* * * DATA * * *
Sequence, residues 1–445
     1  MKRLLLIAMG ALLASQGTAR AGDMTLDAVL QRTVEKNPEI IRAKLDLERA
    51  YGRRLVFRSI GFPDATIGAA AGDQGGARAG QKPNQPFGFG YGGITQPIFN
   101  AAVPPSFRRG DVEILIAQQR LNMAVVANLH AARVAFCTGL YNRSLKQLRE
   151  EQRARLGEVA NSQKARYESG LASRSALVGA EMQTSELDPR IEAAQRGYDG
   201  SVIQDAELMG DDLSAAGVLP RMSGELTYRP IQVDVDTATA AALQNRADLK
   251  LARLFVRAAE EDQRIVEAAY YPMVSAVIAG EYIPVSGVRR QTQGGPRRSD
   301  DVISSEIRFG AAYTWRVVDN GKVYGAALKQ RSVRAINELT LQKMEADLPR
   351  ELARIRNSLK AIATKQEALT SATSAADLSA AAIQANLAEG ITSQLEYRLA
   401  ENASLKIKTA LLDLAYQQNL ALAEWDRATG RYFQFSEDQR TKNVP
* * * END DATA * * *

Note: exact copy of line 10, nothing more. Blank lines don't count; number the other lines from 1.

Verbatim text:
   401  ENASLKIKTA LLDLAYQQNL ALAEWDRATG RYFQFSEDQR TKNVP